Re: FindRoot / Jacobian

*To*: mathgroup at smc.vnet.net*Subject*: [mg84410] Re: FindRoot / Jacobian*From*: "Steve Luttrell" <steve at _removemefirst_luttrell.org.uk>*Date*: Fri, 21 Dec 2007 20:42:23 -0500 (EST)*References*: <fk73ub$6el$1@smc.vnet.net> <fk87t2$4f6$1@smc.vnet.net> <fkcst0$1fv$1@smc.vnet.net> <fkfstl$3n$1@smc.vnet.net>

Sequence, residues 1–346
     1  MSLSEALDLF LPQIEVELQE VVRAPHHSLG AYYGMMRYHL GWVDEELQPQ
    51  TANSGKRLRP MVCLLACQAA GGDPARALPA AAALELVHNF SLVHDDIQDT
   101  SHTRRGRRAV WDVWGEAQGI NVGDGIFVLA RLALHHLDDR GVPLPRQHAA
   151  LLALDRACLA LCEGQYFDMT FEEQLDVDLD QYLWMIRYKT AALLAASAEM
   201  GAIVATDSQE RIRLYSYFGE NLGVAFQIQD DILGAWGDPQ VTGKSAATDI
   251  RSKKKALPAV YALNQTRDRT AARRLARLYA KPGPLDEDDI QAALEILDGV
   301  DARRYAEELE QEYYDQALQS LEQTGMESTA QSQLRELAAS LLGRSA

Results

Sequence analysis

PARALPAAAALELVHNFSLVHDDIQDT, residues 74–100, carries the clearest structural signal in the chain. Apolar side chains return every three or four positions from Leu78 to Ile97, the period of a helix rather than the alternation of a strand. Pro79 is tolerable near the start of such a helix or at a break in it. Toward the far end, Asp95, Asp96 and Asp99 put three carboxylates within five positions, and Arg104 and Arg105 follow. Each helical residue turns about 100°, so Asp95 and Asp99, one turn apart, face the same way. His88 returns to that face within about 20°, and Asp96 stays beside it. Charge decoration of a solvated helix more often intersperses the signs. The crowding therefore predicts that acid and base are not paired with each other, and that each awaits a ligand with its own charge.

I apologise. That wasn't a very clear (or even correct!) way of explaining it. Try this: Evaluate Plot3D[solU, {p, 0, 10 \[Pi]}, {q, 0, 10 \[Pi]}] Plot3D[solV, {p, 0, 10 \[Pi]}, {q, 0, 10 \[Pi]}] which shows the periodicity (modulo 2Pi) of solU and solV in the (p,q) plane, which means that each solution of FindRoot[solU == N[u] && solV == N[v], {{p, 0}, {q, 0}}] is also modulo 2Pi. A quick fix to my earlier solution is to constrain the solutions to lie in [-Pi,Pi] solutions=Table[FindRoot[solU==N[u]&&solV==N[v],{{p,0,-\[Pi],\[Pi]},{q,0,-\[Pi],\[Pi]}}],{u,-\[Pi],\[Pi],(2\[Pi])/70},{v,-\[Pi],\[Pi],(2\[Pi])/70}]; then the quick graphic to visualise the solutions is Graphics[{Map[Point,#,{2}],Map[Line,#],Map[Line,Transpose[#]]}&[{p,q}/.solutions//Chop]] which looks much smoother than the graphic I obtained before without constraining the solutions, though there are still places where the lines in the graphic jump about. I presume that by using a more intelligent choice of initial search point and constraint range in FindRoot you can make the solution vary smoothly everywhere. Stephen Luttrell West Malvern, UK "Steve Luttrell" <steve at _removemefirst_luttrell.org.uk> wrote in message news:fkfstl$3n$1 at smc.vnet.net... >I don't think the problem is to do with precision issues. If you look at >the > plots > > Plot3D[solU, {p, 0, 2 \[Pi]}, {q, 0, 2 \[Pi]}] > Plot3D[solV, {p, 0, 2 \[Pi]}, {q, 0, 2 \[Pi]}] > > it is clear that there is a continuum of solutions from which > > FindRoot[solU == N[u] && solV == N[v], {{p, 0}, {q, 0}}] > > picks a single solution, whilst warning you that it is having difficulty > finding a unique solution by outputting the following message: > > "The line search decreased the step size to within tolerance specified by > AccuracyGoal and PrecisionGoal but was unable to find a sufficient > decrease > in the merit function." > > I seem to have I overlooked this warning message earlier. > > Stephen Luttrell > West Malvern, UK > > <sigmundv at gmail.com> wrote in message news:fkcst0$1fv$1 at smc.vnet.net... >> Thank you for the suggestion, Steve. It sure helped me clean up the >> code and get rid of the complex values (which was expected since I >> used complex starting points in FindRoot before). >> >> Do you know how I can increase the precision in FindRoot, without >> increasing the computing time dramatically? If you plot p/.solutions >> and q/.solutions, respectively, using e.g. the ListSurfacePlot3D >> command, you see some peaks. Ideally those peaks should not be there. >> Do you have any clever suggestion on how to get rid of those peaks? >> >> Sigmund Vestergaard >> Kongens Lyngby, Denmark >> >> On Dec 18, 11:37 am, "Steve Luttrell" >> <steve at _removemefirst_luttrell.org.uk> wrote: >>> Here is how you can solve your problem: >>> >>> solU=(E^((-I)*p-(2*ArcTan[Tan[q/2]/Sqrt[3]])/Sqrt[3])*(1+E^((2*I)*p)))/2 >>> solV=Sin[p]/E^((2*ArcTan[Tan[q/2]/Sqrt[3]])/Sqrt[3]) >>> >>> solutions=Table[FindRoot[solU==N[u]&&solV==N[v],{{p,0},{q,0}}],{u,-\[Pi],\[Pi],(2\[Pi])/70},{v,-\[Pi],\[Pi],(2\[Pi])/70}]; >>> >>> You can do a quick visualisation of the solutions with the following >>> graphics: >>> >>> Graphics[{Map[Point,#,{2}],Map[Line,#],Map[Line,Transpose[#]]}&[{p,q}/.solutions//Chop]] >>> >>> Stephen Luttrell >>> West Malvern, UK >>> >>> <sigmu... at gmail.com> wrote in messagenews:fk73ub$6el$1 at smc.vnet.net... >>> > Dear readers, >>> >>> > Consider the following expressions: >>> >>> > solU = (E^((-I)*p - (2*ArcTan[Tan[q/2]/Sqrt[3]])/Sqrt[3])*(1 + >>> > E^((2*I)*p)))/2 >>> >>> > solV = Sin[p]/E^((2*ArcTan[Tan[q/2]/Sqrt[3]])/Sqrt[3]) >>> >>> > I then want to solve the system of equations (u = solU, v = solV) >>> > numerically on a grid (u,v) \in (-pi,pi). For that purpose I use >>> > FindRoot, and execute the following: >>> >>> > u1 = Pi; du = 2*Pi/70; >>> >>> > uvPts1 = Flatten[Table[{u, v}, {u, u1 + du, u2 - du, du}, {v, v1 + >>> > du, >>> > v2 - du, dv}], 1]; >>> >>> > uvNew = {p, q} /. Table[FindRoot[{solU == uvPts1[[i, 1]], solV == >>> > uvPts1[[i, 2]]}, {p, >>> > -2}, {q, 1+I}], {i, Length[uvPts1]}]; >>> >>> > This gives me a p-value and a q-value for each point on the grid, no >>> > problem. However, I get the wrong solution at some of the grid points. >>> > Since I get several of the following type of messages, this would be >>> > expected: >>> >>> > FindRoot::jsing:Encountered a singular Jacobian at the point {p,q} = \ >>> > {-10.4516+0.784848 \[ImaginaryI],108.092+104.013 \[ImaginaryI]}. Try \ >>> > perturbing the initial point(s). >> >>> >>> > Then I would like to know if there is any 'nice' way to handle these >>> > 'singular Jacobian' errors? Does there exist any kind of 'event >>> > handler', as in NDSolve? >>> >>> > Kind regards, >>> > Sigmund Vestergaard >> >> > >

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